New national collaborative will mine health data in search of gold
Instead of waiting for Washington, D.C., Dartmouth-Hitchcock and five other institutions are turning to each other to solve the cost and quality problems plaguing U.S. health care. The Collaborative, as the group of six institutions is being called, will pool data about outcomes, quality, and costs for the most common and expensive conditions and treatments.
Path: "If we know that the treatment path for diabetes at one institution results in better clinical outcomes, higher patient satisfaction, and lower overall costs," says Dr. Robert Nesse, CEO of the Mayo Clinic Health System, a Collaborative member, "then there is knowledge to be shared and replicated in other institutions."
In addition to Dartmouth-Hitchcock and Mayo, the members are the Cleveland Clinic, Denver Health, the Geisinger Health System, and Intermountain Healthcare. Together, they serve over 10 million people.
Initially, the group will focus on eight common conditions and treatments for which costs are ballooning and dramatic variations exist in quality and outcomes. The eight are asthma, depression, diabetes, heart failure, labor and delivery, spine surgery, weight-loss surgery, and knee replacements, which collectively represent hundreds of billions of dollars in direct medical costs each year.
Cost: The group is tackling knee replacements first. Over 500,000 are performed each year in the U.S., at a cost ranging from $16,000 to $24,000 per operation. Collaborative members have already begun pooling knee replacement data and expect to have identified best practices by mid-2011. Pilot testing of those practices will begin immediately afterward.
The fact that nothing like the Collaborative has ever been tried nationally is in part due to the logistical challenges of collecting data from so many different institutions. First, there are patient privacy and data security hurdles to be cleared. Then there is the fact that not all places collect the same data in the same way, and not all places are willing to have their practices scrutinized by their peers.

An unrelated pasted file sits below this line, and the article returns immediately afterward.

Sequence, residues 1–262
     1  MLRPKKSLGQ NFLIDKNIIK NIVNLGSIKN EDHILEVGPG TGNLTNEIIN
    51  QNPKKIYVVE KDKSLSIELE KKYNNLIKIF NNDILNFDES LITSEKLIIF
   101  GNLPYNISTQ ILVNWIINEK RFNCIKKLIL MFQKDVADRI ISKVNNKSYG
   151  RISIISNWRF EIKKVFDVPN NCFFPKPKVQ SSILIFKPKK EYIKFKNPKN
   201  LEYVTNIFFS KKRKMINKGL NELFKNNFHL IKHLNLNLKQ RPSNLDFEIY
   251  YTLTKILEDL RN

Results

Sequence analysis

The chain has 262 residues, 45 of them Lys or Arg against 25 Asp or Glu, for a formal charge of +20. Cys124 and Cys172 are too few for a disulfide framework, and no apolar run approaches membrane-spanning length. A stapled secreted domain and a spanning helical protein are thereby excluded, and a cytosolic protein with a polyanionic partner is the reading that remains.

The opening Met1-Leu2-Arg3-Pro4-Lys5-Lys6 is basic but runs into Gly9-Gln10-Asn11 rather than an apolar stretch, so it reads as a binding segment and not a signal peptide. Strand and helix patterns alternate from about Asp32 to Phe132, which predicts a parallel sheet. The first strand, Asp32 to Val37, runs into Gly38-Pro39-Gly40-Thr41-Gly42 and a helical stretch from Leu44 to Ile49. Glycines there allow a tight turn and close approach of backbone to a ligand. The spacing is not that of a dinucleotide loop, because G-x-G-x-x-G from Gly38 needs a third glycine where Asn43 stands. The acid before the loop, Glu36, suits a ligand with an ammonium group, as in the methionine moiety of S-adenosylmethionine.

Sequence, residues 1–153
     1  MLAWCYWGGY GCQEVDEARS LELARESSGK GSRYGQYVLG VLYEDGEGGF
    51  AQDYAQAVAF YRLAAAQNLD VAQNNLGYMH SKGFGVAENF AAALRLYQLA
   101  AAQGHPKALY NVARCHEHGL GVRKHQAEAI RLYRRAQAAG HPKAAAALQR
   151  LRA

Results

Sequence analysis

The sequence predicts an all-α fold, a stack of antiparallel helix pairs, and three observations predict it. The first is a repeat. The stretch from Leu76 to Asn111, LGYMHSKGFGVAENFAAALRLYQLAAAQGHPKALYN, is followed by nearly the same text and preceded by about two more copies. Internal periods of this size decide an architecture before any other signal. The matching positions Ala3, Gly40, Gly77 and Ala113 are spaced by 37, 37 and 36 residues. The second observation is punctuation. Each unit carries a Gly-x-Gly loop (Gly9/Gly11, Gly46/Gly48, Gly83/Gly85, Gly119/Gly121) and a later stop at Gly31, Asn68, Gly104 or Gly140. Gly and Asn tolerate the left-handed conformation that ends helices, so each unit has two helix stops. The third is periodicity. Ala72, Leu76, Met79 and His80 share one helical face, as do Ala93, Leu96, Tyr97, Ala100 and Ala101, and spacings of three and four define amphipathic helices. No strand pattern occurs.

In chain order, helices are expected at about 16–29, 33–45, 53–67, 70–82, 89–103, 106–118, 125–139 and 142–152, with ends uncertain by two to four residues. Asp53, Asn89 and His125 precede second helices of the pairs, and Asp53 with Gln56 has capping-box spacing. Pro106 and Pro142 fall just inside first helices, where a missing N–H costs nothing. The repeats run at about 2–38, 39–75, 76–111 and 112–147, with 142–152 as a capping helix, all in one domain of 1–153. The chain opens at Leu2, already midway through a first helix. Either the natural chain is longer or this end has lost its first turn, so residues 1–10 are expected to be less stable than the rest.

"While the lowest common denominator—billing data—is fairly standard across sites, the required clinical and patient-reported data is not at all standard," says Dr. James Weinstein, copresident of Dartmouth-Hitchcock, who's spearheading the Collaborative. Weinstein also directs the Dartmouth Institute for Health Policy and Clinical Practice (TDI), where the data will be housed and analyzed.
Over 30 additional institutions have expressed interest in joining.
"In the short term," he explains, "the data will be incomplete and accommodations in the statistical analysis will need to be made." But over time, Collaborative members will update their data collection systems so outcomes, quality, and costs can be easily compared.
Major: Such improvements will require the institutions to expend considerable time and money, and, so far, no outside funding for the Collaborative has been obtained. "It is a major commitment," says Weinstein, "especially in the uncertain and costly health-care environment that exists today."
Still, over 30 additional institutions have expressed interest in joining the Collaborative. But the group plans to add no more than 10 this year, says Weinstein, to keep the project "scalable."
While membership in the Collaborative may be limited, its findings will be disseminated broadly and rapidly. "If we can find the best knee replacement pathway," says Weinstein, "why shouldn't everyone have it?"
Weinstein and the leaders of Mayo, Intermountain, and Geisinger began working toward the Collaborative about three years ago. They wanted to find a way to "band together" around common goals and "act proactively" to solve the biggest challenges in U.S. health care, says Weinstein.
Solve: "My belief is that the federal government will not solve health care's problems," he recently told a group of DMS fourth-year students.
Whether the Collaborative will or not, one thing is clear: it won't be for lack of trying.
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